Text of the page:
The conventional T1- and T2-weighted images are useful to clarify the injury because these abnormalities should be visible on these sequences by day 7 or 8. On T1 images in the neonate, the white matter appears gray, the gray matter appears white, and the cerebral spinal fluid (CSF) is dark. Both injured cortex and injured white matter appear relatively hypointense or have “low signal intensity” (see Figure 3, images C and G) compared to normal tissue and, most important, lose the distinct boundary delineating gray vs white matter (blurring of the cortical ribbon). This change is evident from day 2 onward until the injured area undergoes cystic degeneration, at which point it appears dark like CSF. On T2-weighted images in the neonate, the white matter appears white, the gray matter appears gray, and the CSF is bright. Injured areas, including both cortex and white matter, appear relatively hyperintense or have “high signal intensity” compared to uninjured tissue, and the loss of the cortical ribbon is more evident than on T1 (see Figure 3, images D and H). This change can be appreciated from day 2 onward and is eventually replaced with bright CSF signal as the injured area undergoes cystic degeneration.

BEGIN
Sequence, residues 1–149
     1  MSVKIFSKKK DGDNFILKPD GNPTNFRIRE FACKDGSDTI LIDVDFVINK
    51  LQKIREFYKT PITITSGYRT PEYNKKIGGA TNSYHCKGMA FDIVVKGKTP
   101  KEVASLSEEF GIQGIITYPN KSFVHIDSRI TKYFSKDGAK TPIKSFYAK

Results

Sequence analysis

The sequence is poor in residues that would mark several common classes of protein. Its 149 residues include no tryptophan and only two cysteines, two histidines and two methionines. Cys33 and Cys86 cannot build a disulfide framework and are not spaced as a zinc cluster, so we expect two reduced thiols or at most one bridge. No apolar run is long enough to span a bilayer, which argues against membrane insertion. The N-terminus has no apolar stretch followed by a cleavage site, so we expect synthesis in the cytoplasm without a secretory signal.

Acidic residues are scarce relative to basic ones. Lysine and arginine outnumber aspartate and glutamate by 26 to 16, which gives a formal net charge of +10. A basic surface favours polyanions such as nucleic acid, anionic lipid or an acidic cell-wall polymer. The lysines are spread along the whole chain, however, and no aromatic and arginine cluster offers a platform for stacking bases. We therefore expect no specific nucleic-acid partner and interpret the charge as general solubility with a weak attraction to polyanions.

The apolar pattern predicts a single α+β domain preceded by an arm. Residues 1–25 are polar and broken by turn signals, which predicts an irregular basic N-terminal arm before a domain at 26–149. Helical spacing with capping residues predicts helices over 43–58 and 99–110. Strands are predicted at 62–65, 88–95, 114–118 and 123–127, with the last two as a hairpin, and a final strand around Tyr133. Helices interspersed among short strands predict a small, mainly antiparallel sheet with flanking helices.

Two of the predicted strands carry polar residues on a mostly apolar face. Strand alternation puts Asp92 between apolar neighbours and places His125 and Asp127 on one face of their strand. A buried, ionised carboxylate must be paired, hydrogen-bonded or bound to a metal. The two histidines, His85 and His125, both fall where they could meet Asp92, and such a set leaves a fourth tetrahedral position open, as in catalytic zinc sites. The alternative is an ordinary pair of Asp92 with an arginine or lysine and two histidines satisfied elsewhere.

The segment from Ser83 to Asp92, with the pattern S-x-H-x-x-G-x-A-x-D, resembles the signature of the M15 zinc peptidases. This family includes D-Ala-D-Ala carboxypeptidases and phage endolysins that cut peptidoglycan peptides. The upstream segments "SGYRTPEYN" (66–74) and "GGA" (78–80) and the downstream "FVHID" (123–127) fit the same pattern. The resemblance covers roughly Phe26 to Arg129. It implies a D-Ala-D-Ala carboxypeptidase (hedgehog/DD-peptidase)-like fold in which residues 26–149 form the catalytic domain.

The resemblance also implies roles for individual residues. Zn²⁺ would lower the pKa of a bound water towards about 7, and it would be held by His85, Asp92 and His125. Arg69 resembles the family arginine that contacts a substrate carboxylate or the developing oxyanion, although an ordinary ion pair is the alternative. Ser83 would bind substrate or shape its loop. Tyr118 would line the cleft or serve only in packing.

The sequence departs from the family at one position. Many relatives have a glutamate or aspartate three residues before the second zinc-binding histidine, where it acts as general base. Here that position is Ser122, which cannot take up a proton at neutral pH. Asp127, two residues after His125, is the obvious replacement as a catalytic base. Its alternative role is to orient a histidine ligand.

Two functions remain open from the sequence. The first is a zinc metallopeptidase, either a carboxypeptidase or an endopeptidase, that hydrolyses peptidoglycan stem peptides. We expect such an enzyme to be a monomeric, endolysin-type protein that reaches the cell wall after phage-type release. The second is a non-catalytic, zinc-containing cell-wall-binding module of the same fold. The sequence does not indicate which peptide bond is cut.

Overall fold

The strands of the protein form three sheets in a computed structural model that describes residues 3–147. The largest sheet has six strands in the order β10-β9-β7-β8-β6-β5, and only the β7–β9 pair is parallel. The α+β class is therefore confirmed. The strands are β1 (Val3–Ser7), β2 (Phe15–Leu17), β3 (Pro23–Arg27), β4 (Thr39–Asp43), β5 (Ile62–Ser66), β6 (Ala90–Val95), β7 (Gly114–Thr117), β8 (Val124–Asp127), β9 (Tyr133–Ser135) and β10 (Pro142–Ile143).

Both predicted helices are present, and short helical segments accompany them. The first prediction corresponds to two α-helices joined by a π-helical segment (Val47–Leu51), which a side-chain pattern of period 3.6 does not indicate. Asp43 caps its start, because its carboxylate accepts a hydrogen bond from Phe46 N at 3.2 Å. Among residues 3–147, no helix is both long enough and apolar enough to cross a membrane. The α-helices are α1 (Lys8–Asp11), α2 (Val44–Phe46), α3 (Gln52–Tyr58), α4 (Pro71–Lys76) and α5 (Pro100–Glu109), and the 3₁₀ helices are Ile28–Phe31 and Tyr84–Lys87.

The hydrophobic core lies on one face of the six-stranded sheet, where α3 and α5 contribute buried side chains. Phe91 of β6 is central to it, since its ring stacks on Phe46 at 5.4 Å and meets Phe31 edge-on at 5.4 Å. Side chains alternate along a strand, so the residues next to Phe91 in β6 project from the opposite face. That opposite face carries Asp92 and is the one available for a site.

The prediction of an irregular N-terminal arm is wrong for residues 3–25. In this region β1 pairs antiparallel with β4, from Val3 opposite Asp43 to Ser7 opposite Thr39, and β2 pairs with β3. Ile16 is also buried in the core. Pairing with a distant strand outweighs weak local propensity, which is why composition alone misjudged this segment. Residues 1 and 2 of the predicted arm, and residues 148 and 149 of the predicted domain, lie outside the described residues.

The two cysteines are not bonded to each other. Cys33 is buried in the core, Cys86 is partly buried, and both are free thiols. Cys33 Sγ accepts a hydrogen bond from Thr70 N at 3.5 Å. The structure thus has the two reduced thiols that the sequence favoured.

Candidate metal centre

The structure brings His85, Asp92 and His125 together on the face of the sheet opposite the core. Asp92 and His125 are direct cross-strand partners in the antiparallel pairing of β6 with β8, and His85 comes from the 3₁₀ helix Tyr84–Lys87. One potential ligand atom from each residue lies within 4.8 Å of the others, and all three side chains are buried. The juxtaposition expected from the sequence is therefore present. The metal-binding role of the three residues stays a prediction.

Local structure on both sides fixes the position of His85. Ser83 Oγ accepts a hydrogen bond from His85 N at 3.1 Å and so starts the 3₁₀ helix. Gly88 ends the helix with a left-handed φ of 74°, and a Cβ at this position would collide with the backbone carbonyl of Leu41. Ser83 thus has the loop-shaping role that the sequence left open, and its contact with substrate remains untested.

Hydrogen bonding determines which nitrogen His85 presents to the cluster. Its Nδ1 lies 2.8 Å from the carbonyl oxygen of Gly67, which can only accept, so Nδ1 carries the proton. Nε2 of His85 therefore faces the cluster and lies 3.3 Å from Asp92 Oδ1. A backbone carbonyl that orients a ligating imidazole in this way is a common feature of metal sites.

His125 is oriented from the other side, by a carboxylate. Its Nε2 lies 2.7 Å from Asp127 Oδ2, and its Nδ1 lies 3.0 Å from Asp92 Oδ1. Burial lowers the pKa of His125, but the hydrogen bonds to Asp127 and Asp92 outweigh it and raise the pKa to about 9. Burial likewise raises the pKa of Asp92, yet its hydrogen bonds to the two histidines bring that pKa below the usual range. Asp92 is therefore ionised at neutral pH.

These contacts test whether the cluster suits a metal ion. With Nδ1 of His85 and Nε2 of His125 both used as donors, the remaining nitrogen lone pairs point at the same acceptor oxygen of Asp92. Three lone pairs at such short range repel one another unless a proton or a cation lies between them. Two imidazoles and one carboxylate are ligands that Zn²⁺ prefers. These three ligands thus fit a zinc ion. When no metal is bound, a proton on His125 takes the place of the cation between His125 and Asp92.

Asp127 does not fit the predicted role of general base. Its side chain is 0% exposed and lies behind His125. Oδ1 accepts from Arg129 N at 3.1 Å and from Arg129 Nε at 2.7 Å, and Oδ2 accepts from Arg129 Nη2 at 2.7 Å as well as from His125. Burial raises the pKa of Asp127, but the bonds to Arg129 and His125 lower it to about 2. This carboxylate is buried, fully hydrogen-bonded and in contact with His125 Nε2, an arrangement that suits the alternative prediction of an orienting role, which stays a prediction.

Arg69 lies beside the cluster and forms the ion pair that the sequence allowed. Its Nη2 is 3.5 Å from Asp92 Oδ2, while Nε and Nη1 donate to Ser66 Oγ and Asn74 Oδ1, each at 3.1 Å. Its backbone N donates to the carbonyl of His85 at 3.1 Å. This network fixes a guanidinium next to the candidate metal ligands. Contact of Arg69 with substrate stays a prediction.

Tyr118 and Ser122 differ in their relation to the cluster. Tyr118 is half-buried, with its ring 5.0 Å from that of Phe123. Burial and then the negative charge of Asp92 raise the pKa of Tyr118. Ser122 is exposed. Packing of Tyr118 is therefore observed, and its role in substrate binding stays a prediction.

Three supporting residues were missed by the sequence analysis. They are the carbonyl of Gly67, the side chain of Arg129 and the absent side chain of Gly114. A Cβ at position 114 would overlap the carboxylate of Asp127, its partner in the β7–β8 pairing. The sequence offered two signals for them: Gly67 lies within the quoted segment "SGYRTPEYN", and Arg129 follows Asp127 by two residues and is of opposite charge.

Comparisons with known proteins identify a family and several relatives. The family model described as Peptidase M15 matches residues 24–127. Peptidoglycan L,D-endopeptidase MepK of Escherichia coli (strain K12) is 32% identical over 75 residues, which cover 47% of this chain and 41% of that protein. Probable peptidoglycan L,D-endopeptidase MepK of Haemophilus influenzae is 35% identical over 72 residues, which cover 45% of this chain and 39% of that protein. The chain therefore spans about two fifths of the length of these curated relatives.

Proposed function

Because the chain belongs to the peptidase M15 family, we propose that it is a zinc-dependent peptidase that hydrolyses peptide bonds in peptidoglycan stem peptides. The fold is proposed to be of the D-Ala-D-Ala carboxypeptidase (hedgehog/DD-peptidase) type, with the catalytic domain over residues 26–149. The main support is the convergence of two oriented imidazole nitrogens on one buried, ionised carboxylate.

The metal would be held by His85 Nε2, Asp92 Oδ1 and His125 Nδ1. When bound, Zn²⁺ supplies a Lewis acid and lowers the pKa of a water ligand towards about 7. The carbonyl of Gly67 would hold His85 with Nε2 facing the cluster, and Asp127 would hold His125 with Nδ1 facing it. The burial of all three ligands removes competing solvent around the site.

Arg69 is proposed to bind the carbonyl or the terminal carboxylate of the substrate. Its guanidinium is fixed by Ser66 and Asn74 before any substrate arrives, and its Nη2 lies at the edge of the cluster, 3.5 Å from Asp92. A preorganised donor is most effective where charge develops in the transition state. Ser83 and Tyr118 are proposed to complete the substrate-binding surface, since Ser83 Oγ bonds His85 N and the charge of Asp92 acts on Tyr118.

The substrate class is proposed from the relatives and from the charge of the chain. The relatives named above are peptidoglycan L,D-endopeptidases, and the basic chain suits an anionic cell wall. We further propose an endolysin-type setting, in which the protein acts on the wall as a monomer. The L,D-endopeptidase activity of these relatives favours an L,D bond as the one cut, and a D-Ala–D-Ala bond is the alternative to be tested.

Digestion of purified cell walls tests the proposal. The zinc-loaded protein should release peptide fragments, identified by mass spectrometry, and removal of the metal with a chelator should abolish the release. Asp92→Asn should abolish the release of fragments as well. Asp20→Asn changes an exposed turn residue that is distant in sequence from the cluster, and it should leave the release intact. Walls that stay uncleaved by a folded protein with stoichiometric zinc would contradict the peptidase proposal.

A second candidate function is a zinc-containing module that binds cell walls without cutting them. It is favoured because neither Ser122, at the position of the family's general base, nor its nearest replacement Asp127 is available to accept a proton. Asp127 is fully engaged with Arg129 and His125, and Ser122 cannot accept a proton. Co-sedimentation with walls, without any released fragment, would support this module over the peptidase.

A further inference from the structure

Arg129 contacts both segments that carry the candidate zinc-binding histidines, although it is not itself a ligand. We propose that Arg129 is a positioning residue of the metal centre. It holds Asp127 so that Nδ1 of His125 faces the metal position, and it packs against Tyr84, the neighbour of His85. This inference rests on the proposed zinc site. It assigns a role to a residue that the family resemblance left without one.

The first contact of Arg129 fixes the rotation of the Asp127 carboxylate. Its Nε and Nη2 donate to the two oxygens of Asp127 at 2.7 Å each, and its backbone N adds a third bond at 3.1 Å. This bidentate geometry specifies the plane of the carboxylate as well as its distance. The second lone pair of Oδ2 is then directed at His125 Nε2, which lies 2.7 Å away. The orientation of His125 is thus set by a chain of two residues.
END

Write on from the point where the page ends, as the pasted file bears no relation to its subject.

Magnetic resonance angiography (MRA) permits the evaluation of the intracranial and neck arterial vasculature. This technique is sensitive to motion artifact but may be useful to reveal underlying vessel pathology, such as dissection from birth trauma or arterial malformation. MRI and MRA are often performed with anesthesia to improve image quality by sedating the neonate so there is no movement. Wrapping techniques have been developed that employ vacuum devices to immobilize the unsedated neonate (see Figure 4), thus eliminating risk of sedation with minimal to no sacrifice of image quality.